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Few Bailed Out Bank Execs Made Good On Promises To Quit

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Remember, back in the day, when Kenneth Feinberg was named Comp Cop and everyone working at a bailed out company, who were told their asses were about to be capped, threatened to leave if he so much as dared to take a penny of their hard-earned money away? Sure you did, they wouldn't shut up about it, or the fact that this--this!-- was going to be the death of their otherwise phenomenally profitable firms? Anyway, apparently most people were just messing.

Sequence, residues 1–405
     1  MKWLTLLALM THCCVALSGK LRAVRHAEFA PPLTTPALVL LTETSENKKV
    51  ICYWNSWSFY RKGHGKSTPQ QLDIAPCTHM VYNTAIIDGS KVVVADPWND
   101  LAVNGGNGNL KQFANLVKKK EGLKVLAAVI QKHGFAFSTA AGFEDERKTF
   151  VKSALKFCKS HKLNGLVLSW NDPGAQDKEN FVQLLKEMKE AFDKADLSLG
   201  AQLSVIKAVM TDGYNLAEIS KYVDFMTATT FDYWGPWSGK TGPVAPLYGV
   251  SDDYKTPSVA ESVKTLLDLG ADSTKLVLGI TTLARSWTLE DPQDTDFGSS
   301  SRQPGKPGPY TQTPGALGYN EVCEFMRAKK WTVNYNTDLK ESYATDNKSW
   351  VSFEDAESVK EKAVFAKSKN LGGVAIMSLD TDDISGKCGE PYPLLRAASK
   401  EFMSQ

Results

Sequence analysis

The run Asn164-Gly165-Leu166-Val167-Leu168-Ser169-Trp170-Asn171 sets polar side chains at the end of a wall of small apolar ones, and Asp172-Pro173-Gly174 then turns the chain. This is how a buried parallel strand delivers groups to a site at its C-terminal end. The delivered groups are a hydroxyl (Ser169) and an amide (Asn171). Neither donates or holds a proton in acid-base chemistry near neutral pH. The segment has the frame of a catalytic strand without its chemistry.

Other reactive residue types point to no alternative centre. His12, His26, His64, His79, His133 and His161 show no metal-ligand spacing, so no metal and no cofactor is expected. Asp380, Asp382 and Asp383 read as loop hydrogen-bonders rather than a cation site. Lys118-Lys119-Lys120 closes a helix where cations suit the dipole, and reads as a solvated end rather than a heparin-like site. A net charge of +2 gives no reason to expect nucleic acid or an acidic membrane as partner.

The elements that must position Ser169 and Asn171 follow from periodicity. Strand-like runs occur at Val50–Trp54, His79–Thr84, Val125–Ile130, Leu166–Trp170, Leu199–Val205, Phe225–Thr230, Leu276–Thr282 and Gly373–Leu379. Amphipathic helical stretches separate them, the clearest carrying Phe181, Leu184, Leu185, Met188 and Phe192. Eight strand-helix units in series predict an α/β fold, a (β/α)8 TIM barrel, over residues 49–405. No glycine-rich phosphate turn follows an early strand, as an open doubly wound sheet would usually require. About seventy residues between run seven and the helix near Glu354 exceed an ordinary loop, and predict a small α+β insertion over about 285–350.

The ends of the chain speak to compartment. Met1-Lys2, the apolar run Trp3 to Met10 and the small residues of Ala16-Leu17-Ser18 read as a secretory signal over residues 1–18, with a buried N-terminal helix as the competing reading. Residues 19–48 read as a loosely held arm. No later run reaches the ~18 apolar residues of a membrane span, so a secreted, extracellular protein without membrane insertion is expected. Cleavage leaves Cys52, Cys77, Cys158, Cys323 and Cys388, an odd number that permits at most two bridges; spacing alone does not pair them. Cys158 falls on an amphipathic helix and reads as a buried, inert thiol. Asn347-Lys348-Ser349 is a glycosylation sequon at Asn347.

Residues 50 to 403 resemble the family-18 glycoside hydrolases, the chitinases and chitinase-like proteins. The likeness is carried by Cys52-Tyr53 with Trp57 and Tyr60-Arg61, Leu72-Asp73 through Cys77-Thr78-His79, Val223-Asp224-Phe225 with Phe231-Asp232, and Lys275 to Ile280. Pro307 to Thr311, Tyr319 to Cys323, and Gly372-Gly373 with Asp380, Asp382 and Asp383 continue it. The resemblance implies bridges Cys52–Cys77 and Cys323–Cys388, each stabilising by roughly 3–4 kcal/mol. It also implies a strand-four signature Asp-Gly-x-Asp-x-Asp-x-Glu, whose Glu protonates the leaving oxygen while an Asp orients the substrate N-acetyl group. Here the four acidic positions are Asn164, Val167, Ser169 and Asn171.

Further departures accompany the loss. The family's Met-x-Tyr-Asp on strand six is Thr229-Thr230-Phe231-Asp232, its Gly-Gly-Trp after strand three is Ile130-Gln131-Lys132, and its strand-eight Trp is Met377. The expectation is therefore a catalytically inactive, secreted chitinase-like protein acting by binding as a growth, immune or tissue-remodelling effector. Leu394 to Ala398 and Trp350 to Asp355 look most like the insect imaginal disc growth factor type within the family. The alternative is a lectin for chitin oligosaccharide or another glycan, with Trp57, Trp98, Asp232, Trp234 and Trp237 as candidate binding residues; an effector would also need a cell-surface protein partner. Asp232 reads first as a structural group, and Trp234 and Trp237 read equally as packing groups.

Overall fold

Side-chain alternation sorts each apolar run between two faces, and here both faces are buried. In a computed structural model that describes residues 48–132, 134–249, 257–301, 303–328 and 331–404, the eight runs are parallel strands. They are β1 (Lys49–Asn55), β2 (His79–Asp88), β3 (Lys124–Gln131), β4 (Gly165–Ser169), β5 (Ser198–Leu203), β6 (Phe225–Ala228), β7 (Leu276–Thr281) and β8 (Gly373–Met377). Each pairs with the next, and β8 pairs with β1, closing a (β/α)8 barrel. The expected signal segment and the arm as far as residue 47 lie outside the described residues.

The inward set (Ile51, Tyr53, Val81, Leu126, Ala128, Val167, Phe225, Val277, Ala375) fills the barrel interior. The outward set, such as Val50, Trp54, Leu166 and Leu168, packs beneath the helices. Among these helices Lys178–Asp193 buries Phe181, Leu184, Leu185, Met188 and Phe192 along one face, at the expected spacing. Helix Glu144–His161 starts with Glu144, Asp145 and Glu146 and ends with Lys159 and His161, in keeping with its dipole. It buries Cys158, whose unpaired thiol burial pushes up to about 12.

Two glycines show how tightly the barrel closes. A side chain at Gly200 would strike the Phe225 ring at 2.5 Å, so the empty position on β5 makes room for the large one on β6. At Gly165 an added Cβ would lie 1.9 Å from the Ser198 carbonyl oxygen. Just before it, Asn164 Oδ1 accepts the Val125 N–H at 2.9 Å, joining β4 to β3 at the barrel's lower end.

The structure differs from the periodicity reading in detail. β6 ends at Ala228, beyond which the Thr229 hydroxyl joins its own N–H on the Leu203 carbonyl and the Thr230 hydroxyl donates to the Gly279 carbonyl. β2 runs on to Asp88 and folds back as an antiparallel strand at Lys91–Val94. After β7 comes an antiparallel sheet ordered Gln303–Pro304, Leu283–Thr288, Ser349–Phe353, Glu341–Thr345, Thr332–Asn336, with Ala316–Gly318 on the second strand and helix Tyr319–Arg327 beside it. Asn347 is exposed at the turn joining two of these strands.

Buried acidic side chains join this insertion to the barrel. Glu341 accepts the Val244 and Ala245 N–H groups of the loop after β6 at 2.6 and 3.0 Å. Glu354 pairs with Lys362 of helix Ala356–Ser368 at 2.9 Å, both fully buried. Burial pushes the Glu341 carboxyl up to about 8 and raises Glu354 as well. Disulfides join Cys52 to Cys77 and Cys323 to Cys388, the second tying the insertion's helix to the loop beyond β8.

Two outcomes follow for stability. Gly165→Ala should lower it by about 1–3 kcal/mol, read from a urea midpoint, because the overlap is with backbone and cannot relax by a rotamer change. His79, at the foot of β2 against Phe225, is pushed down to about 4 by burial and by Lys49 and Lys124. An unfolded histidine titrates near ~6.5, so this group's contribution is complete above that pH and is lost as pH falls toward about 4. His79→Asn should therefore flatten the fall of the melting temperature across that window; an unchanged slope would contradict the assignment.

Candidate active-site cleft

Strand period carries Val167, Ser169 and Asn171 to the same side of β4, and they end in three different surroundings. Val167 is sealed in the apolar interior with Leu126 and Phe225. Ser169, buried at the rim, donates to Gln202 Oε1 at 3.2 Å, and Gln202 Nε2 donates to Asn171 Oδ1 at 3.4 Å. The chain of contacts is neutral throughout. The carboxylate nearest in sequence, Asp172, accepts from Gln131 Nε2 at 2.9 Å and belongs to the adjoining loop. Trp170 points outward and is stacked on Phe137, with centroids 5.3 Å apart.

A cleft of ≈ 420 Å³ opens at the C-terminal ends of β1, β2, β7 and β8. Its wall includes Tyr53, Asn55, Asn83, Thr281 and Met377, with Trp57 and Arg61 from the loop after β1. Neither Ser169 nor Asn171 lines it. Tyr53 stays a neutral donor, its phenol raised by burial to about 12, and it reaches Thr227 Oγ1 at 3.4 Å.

Of the 104 senior executives whose pay was set by the federal pay regulator in the last two years, 88 executives, or nearly 85 percent, are still with the companies even though their pay was drastically cut back, according to people briefed on the government data. The relative stability, at least within the executive suite, suggests that a soft job market, corporate loyalty and personal pride helped deter the feared management exodus at the companies hardest hit by the pay rules.

Sure, or maybe it was this.

Mr. Feinberg’s actions did little to rein in the industry’s huge payouts. Most of Mr. Feinberg’s pay rulings, for example, were in effect only for the final few weeks of 2009 — and affected only a handful of the most troubled companies.